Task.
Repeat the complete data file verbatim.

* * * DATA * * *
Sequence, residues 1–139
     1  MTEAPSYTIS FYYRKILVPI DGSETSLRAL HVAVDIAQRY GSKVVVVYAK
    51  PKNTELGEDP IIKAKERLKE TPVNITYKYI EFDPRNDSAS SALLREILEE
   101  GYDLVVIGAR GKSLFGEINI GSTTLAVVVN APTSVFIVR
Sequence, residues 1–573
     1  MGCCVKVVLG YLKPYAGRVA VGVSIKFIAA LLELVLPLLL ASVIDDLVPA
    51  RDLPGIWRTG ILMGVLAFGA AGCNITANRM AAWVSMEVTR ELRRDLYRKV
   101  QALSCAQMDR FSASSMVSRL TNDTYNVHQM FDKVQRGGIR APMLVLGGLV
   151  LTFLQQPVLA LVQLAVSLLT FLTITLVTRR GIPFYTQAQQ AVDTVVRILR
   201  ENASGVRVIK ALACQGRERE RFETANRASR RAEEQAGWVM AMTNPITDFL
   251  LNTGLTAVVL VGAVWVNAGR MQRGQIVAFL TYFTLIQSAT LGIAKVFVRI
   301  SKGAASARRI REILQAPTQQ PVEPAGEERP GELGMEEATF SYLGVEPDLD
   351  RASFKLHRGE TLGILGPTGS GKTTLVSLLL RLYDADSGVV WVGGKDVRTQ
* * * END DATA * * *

Sequence, residues 1–139
     1  MTEAPSYTIS FYYRKILVPI DGSETSLRAL HVAVDIAQRY GSKVVVVYAK
    51  PKNTELGEDP IIKAKERLKE TPVNITYKYI EFDPRNDSAS SALLREILEE
   101  GYDLVVIGAR GKSLFGEINI GSTTLAVVVN APTSVFIVR
Sequence, residues 1–573
     1  MGCCVKVVLG YLKPYAGRVA VGVSIKFIAA LLELVLPLLL ASVIDDLVPA
    51  RDLPGIWRTG ILMGVLAFGA AGCNITANRM AAWVSMEVTR ELRRDLYRKV
   101  QALSCAQMDR FSASSMVSRL TNDTYNVHQM FDKVQRGGIR APMLVLGGLV
   151  LTFLQQPVLA LVQLAVSLLT FLTITLVTRR GIPFYTQAQQ AVDTVVRILR
   201  ENASGVRVIK ALACQGRERE RFETANRASR RAEEQAGWVM AMTNPITDFL
   251  LNTGLTAVVL VGAVWVNAGR MQRGQIVAFL TYFTLIQSAT LGIAKVFVRI
   301  SKGAASARRI REILQAPTQQ PVEPAGEERP GELGMEEATF SYLGVEPDLD
   351  RASFKLHRGE TLGILGPTGS GKTTLVSLLL RLYDADSGVV WVGGKDVRTQ